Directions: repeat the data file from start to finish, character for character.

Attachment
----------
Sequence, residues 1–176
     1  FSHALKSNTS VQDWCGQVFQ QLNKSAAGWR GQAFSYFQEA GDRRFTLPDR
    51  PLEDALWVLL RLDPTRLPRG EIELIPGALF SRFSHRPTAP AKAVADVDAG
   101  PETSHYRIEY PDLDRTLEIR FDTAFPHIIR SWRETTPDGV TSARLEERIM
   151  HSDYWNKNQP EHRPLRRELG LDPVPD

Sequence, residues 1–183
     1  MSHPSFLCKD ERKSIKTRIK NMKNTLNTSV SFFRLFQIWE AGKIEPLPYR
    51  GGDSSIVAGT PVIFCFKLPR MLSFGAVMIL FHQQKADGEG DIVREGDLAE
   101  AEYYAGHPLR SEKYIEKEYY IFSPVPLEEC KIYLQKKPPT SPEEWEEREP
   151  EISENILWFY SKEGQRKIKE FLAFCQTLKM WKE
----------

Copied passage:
Sequence, residues 1–176
     1  FSHALKSNTS VQDWCGQVFQ QLNKSAAGWR GQAFSYFQEA GDRRFTLPDR
    51  PLEDALWVLL RLDPTRLPRG EIELIPGALF SRFSHRPTAP AKAVADVDAG
   101  PETSHYRIEY PDLDRTLEIR FDTAFPHIIR SWRETTPDGV TSARLEERIM
   151  HSDYWNKNQP EHRPLRRELG LDPVPD

Sequence, residues 1–183
     1  MSHPSFLCKD ERKSIKTRIK NMKNTLNTSV SFFRLFQIWE AGKIEPLPYR
    51  GGDSSIVAGT PVIFCFKLPR MLSFGAVMIL FHQQKADGEG DIVREGDLAE
   101  AEYYAGHPLR SEKYIEKEYY IFSPVPLEEC KIYLQKKPPT SPEEWEEREP
   151  EISENILWFY SKEGQRKIKE FLAFCQTLKM WKE